Heroes don't only wear capes! We established that with our recent piece on real-life celebrity heroism, though one person we didn't mention - who deserves a piece all to himself - is former firefighter Steve Buscemi. His story of loyalty to the FDNY has resurfaced, and we're so glad about it.

Steve Buscemi at the premiere of 'The Death of Stalin'Steve Buscemi at the premiere of 'The Death of Stalin'

The 60-year-old Golden Globe winner used to be in the fire service in New York when he was in his mid-twenties, serving in the FDNY's Engine Co. 55 in Manhattan for four years. Few people realise that he actually went back to his old rescue squad in 2001 following the 9/11 attacks.

He worked a series of 12-hour shifts in a bid to search through the rubble that was the World Trade Center for survivors, and later campaigned for higher wages for all firefighters in the country. He even got arrested along with nineteen other people for protesting the closing down several fire stations including his old place of work in 2003.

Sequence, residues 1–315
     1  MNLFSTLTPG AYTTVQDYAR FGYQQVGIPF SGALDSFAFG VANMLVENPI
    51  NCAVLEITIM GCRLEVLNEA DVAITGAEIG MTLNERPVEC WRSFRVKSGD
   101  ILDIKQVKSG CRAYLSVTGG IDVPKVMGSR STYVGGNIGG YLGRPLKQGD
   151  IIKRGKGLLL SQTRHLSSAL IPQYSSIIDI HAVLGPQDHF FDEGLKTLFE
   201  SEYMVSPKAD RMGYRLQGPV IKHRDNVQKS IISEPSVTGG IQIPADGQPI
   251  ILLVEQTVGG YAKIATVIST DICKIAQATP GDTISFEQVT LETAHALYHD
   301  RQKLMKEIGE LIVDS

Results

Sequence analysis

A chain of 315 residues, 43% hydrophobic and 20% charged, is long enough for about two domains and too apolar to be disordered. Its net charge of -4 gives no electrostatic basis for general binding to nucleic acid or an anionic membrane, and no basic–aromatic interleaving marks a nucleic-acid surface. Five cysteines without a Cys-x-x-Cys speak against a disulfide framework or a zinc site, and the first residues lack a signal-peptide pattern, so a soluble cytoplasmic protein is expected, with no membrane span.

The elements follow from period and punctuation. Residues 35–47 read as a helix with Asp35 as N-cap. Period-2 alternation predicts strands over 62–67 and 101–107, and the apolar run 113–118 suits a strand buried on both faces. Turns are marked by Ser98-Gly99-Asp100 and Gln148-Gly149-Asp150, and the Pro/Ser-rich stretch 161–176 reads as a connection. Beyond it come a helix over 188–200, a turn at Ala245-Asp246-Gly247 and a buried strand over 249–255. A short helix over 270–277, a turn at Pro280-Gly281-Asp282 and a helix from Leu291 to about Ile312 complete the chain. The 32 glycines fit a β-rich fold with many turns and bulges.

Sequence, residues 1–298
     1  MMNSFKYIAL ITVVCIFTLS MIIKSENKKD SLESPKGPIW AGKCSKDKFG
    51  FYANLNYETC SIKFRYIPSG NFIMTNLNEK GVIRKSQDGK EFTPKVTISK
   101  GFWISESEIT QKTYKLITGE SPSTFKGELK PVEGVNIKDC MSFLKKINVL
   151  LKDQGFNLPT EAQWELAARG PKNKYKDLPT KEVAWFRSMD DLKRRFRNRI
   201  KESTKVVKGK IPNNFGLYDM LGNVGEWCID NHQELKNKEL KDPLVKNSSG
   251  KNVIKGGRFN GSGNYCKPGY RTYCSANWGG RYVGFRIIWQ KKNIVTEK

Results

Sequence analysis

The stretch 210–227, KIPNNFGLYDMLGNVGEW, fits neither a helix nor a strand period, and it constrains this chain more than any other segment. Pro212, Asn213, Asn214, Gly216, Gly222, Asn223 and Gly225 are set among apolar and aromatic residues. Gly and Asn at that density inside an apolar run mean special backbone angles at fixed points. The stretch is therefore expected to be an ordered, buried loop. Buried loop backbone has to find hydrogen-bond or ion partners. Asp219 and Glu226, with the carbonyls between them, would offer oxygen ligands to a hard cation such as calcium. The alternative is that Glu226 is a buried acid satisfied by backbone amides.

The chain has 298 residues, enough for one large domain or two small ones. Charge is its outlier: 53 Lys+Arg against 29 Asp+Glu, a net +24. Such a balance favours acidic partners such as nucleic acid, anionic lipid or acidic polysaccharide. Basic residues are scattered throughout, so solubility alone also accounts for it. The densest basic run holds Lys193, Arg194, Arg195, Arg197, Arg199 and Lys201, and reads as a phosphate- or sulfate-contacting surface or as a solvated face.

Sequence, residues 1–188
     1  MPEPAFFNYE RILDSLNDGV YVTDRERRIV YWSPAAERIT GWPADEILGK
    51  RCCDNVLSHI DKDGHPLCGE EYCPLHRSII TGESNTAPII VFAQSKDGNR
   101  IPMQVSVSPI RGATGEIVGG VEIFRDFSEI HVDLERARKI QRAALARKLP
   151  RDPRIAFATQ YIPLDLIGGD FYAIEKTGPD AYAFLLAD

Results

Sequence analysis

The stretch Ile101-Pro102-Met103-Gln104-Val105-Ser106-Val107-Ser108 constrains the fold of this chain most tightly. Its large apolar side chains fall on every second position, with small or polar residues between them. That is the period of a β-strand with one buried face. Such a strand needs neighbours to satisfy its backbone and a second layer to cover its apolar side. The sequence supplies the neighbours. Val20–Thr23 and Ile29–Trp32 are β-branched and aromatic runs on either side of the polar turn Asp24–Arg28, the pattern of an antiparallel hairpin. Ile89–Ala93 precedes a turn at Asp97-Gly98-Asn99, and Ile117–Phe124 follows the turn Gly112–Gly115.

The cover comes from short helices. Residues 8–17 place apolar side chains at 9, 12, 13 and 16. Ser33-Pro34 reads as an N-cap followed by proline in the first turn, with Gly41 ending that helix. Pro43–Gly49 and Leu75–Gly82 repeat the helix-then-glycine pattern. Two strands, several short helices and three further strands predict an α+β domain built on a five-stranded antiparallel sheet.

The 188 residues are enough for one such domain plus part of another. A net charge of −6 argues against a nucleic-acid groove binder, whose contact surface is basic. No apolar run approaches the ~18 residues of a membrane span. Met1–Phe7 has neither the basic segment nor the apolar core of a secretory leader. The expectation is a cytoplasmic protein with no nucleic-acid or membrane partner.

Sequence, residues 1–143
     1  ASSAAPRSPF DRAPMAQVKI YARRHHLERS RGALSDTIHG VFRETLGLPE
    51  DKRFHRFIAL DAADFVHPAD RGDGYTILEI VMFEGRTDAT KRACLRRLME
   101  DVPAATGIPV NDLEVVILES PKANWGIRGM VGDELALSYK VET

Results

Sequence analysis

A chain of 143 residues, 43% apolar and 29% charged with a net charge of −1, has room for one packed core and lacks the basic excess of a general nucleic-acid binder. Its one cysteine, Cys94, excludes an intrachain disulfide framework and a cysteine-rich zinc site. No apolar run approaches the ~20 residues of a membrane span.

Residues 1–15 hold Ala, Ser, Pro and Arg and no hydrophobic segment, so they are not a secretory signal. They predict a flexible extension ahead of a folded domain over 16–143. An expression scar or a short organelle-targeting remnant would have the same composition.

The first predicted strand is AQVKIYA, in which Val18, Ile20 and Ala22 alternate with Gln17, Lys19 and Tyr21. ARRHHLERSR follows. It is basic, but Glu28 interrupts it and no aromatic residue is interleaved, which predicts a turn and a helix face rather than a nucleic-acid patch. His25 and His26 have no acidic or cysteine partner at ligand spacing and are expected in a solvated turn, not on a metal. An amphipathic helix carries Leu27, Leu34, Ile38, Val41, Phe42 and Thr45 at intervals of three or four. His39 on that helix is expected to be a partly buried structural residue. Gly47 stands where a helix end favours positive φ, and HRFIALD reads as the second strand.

He returned to support protestors again in 2011, and just four years ago he was named Honorary Battalion Chief of the FDNY, even starring in a documentary for HBO entitled 'A Good Job: Stories of the FDNY'.

Few people are aware of Buscemi's work following 9/11, largely because he refused to take part in photo opportunities or interviews at that time. The work was just too important to waste time acknowledging his star status, and the tragedy too painful to be distracted. 

More: Nine celebrities who risked their lives to save others

'It was a privilege to be able to do it', he said of the event, much later. 'It was great to connect with the firehouse I used to work with and with some of the guys I worked alongside. And it was enormously helpful for me because while I was working, I didn't really think about it as much, feel it as much. It wasn't until I stopped that I really felt the full impact of what had happened.'